In doing this, not only are you communicating care by seeking them out again, but also by remembering their request. In a world where so many prayer requests are forgotten and un-prayed, this practice stands out. In that second conversation you will also likely get more information about the request which will provide more fodder for prayer and even further conversation.
Jesus cares deeply about the purity and unity of his Church. That is why he gave us the prescription of loving confrontation to address the sins that stain and divide within each body of believers (Matthew 18:15-17). We are commanded to tell a brother or sister when we see sin in his/her life that is not being dealt with (v. 15). For different reasons, however, we neglect to do this as we should.
One lie we believe when ask ourselves if we should say something about another believer’s faults is, “It doesn’t feel like love to rub someone’s nose in their sin”. We may not say it exactly like that, but we find it a very convenient excuse to believe that it is more loving to just leave things alone.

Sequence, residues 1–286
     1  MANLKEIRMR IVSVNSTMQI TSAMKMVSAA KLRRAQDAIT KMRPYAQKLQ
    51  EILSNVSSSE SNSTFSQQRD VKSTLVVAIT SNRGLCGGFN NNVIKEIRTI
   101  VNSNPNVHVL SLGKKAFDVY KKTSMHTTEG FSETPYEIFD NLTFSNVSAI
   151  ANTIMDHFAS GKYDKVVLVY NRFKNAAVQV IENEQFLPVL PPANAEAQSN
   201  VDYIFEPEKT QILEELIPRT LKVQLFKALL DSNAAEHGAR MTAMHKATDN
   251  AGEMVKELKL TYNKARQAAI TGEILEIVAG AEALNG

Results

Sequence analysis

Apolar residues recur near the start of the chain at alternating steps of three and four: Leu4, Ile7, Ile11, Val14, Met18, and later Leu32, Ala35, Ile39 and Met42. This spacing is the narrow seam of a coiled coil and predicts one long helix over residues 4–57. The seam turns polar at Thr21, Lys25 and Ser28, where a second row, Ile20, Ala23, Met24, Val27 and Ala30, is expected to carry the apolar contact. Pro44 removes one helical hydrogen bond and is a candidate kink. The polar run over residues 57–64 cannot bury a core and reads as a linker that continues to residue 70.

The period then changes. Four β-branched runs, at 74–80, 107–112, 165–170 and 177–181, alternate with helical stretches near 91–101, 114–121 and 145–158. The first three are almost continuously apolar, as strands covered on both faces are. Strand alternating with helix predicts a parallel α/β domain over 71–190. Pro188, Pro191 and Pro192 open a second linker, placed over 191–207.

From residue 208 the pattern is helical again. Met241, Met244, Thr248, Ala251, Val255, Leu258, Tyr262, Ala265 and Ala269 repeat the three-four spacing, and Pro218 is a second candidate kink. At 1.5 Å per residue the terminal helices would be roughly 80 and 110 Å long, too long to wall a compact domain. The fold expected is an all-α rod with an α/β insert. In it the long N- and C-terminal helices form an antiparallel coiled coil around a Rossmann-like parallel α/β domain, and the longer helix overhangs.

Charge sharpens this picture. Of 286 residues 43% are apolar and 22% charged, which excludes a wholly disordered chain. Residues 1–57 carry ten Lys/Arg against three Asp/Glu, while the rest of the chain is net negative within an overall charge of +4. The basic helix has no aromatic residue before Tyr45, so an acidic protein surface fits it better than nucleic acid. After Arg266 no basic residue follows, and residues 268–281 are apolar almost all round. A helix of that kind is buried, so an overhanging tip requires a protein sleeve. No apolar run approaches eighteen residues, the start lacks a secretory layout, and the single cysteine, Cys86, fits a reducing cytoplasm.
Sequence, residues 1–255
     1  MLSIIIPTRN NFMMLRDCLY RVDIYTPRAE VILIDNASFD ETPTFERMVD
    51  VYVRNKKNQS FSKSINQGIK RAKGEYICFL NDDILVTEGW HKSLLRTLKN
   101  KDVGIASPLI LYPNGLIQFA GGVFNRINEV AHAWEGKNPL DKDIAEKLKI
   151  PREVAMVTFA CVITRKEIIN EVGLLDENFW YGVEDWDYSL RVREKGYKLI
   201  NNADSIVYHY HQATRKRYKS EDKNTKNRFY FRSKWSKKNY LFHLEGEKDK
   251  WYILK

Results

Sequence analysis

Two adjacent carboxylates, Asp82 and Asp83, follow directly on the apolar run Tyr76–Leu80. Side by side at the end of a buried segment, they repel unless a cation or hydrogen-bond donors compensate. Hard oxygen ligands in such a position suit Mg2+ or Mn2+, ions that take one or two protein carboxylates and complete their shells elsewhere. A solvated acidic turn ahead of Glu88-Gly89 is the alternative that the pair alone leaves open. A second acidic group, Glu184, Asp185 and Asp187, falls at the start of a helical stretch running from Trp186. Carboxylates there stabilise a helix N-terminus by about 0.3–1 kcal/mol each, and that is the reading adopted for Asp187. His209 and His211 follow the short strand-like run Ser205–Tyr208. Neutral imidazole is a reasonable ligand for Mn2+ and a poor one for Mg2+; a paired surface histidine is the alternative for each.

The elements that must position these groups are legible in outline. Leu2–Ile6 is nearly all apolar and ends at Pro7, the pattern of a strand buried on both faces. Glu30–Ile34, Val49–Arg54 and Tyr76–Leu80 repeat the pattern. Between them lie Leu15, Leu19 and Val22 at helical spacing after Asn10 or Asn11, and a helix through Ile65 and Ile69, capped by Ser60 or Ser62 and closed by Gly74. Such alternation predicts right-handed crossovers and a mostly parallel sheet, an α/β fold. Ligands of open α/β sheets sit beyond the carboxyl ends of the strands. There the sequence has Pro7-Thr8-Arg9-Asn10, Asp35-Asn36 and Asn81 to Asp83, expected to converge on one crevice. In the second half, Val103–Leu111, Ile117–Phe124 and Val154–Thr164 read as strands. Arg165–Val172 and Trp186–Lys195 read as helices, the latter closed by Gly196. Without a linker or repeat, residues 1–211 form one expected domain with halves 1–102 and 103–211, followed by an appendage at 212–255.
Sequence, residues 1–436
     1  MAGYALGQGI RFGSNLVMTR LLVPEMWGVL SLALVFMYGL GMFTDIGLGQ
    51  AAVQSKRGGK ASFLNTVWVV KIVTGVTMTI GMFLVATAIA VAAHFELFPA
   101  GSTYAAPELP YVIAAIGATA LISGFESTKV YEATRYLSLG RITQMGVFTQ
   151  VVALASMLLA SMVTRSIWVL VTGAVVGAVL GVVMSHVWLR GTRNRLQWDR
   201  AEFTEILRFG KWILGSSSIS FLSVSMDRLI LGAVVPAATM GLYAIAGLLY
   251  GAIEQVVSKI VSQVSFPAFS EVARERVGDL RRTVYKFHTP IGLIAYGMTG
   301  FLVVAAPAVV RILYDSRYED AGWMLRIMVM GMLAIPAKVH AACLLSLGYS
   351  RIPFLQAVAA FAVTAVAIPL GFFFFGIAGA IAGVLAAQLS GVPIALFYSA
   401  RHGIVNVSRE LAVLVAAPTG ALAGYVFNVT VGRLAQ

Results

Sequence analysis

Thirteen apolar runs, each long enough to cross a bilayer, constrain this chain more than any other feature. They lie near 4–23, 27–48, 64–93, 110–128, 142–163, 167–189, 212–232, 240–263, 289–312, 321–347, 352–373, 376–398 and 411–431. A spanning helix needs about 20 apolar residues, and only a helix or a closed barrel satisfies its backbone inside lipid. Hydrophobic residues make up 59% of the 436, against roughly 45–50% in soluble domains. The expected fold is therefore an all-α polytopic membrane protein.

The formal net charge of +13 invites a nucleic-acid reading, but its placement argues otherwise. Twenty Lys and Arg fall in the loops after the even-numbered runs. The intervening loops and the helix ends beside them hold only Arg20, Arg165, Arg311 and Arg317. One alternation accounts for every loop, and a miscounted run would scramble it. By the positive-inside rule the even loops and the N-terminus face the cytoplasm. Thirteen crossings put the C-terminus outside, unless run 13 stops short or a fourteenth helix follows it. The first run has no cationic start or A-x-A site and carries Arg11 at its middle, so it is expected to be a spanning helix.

When you sense your heart moving toward that lie, ask yourself this question: “Was it not loving for God to confront my sin so that I would see my need for a Savior and run to Jesus for rescue?” God gave us the law and Paul says, “… if it had not been for the law I would not have known sin… when the commandment (the law) came, sin came alive and I died” (Romans 7:7, 9). God gave us the law to open our eyes to the reality of sin in our lives and the spiritual death it enslaved us in.
Not only that, but before we came to Christ, God had to make us see ourselves as “poor in spirit” (Matthew 5:3), that is, having absolutely nothing good in us and no means possible of earning his love. Then, and only then, did we flee to Christ for salvation. Would it have been more loving for God to stay silent or even sugar-coat the truth of our sin for us? Of course not! We ran to Christ because God showed us our desperate state without him. We have the beauty and freedom of redemption because God lovingly confronted our wickedness.
Should we not do the same for each other as Christians so that we don’t continue to dishonor our Lord and miss out on the daily joys of his salvation?
A couple of weeks ago I was discussing with my students the command for us to “pray for one another” (James 5:16). Somewhere in the middle of the lesson the question was asked, “Why do our prayer lives tend to be so me-centered?” An answer came from a fourteen year-old young man: “Because we know ourselves the best.”